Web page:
The International Olympic Committee is pushing back after sprinter Sha'Carri Richardson suggested the only reason she couldn't compete after a positive drug test but Russian figure skater Kamila Valieva can is because "I'm a Black young lady."
Richardson earlier this week asked for a "solid answer" about the difference between her case and that of Valieva, who was cleared by the Court of Arbitration for Sport to compete at the Beijing Olympics despite a positive drug test. At the 2020 Tokyo Olympics, Richardson was not able to compete after testing positive for marijuana and being suspended for one month. Richardson has said she smoked marijuana to deal with her mother's death.
"Can we get a solid answer on the difference of her situation and mines?" Richardson tweeted. "My mother died and I can't run and was also favored to place top 3. The only difference I see is I'm a Black young lady."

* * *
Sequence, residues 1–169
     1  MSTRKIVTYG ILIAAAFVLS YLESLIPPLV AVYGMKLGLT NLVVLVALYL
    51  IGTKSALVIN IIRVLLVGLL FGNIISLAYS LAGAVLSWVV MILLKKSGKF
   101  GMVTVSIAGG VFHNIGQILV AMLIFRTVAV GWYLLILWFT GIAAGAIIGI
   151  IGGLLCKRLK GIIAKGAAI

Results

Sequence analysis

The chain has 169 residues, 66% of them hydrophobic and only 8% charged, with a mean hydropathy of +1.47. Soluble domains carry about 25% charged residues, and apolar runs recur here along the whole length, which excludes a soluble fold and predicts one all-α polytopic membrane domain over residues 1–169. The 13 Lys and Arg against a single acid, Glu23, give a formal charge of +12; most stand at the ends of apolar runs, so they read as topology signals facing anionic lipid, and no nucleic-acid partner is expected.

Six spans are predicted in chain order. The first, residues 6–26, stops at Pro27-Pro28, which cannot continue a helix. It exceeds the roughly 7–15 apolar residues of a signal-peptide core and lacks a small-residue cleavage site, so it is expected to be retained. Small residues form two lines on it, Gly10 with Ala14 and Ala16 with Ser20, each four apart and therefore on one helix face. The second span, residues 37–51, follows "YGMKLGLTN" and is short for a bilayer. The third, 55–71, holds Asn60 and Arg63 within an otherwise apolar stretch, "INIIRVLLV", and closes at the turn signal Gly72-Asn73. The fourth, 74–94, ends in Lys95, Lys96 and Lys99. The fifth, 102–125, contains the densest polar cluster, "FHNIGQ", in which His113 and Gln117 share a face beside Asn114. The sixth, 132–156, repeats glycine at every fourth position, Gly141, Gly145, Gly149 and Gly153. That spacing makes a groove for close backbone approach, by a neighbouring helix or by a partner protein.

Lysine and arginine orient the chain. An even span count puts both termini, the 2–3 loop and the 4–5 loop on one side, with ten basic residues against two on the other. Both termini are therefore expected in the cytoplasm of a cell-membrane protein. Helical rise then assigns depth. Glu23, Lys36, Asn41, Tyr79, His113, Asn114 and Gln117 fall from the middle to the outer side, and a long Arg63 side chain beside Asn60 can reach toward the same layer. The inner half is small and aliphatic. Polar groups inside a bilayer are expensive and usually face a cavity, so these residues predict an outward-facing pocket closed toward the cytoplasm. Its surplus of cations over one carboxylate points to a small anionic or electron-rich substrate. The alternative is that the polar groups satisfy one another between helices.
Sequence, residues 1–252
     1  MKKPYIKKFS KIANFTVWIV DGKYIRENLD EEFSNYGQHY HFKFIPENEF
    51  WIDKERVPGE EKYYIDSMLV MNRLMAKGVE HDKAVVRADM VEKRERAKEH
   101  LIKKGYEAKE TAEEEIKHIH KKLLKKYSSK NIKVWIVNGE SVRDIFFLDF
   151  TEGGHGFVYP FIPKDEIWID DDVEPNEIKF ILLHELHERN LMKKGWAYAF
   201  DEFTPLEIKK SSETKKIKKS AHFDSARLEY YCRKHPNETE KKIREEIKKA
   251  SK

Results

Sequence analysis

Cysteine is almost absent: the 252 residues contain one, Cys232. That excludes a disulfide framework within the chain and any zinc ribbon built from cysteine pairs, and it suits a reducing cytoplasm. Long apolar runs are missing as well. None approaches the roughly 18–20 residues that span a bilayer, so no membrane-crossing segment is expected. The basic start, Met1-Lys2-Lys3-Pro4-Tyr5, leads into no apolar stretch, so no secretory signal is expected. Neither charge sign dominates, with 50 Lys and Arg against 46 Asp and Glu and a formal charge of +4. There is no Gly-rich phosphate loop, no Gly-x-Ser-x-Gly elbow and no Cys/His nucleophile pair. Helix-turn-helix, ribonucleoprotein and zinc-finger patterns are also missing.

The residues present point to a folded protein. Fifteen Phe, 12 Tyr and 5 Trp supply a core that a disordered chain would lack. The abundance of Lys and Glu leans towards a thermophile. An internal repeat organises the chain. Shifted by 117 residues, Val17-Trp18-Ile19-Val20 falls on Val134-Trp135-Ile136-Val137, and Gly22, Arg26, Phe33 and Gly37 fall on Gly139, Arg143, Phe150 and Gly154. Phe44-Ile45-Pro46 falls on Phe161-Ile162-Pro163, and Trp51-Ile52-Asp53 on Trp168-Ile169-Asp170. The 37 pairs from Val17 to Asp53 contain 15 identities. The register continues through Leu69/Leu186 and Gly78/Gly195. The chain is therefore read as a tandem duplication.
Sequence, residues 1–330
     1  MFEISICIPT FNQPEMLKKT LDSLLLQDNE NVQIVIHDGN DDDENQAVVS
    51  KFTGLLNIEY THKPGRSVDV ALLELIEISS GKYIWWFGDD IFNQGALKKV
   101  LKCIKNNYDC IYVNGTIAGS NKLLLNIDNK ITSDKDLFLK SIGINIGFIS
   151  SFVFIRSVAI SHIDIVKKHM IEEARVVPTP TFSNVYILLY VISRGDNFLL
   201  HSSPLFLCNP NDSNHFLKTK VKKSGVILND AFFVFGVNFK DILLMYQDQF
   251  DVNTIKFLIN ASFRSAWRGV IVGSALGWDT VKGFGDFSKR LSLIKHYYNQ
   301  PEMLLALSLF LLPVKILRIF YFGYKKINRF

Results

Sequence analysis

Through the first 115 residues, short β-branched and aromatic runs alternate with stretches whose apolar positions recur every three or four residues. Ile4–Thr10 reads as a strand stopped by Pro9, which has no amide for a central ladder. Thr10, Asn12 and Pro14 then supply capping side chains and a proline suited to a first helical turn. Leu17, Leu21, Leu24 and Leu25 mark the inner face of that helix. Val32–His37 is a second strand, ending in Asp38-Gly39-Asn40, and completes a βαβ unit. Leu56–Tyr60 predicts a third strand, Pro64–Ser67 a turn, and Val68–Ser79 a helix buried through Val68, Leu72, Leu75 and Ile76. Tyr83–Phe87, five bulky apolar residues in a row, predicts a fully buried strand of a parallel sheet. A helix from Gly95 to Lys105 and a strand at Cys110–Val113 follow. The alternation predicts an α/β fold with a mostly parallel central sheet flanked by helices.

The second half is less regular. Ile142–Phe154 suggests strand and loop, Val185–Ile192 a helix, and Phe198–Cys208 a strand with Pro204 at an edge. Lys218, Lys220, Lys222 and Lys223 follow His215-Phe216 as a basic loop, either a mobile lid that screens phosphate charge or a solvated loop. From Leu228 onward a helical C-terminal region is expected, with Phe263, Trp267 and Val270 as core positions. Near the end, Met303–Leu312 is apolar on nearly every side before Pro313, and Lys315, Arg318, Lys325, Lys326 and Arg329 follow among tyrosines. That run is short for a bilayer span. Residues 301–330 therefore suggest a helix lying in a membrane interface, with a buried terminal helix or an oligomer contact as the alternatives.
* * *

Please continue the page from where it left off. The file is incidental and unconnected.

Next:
The Court of Arbitration for Sport in its decision on Valieva cited "serious issues of untimely notification" of her drug test, which was taken on Dec. 25, but the results were not received until Feb. 8. Now, Mark Adams, a spokesperson for the International Olympic Committee, argues the two cases are not similar, pointing to the timing of the tests.
"You can't talk about double standards in relation to Russian and American athletes, each case is individual," Adams told The Guardian. "Richardson's positive doping test was discovered on June 19, and the result was received before the start of the Olympics. She was suspended for a month. There is nothing in common between these two cases."
The IOC previously announced there would be no medal ceremony during the Olympics for the women's single skating competition should Valieva finish in the top three. But Richardson on Twitter wrote, "Not one BLACK athlete has been about to compete with a case going on, I don't care what they say."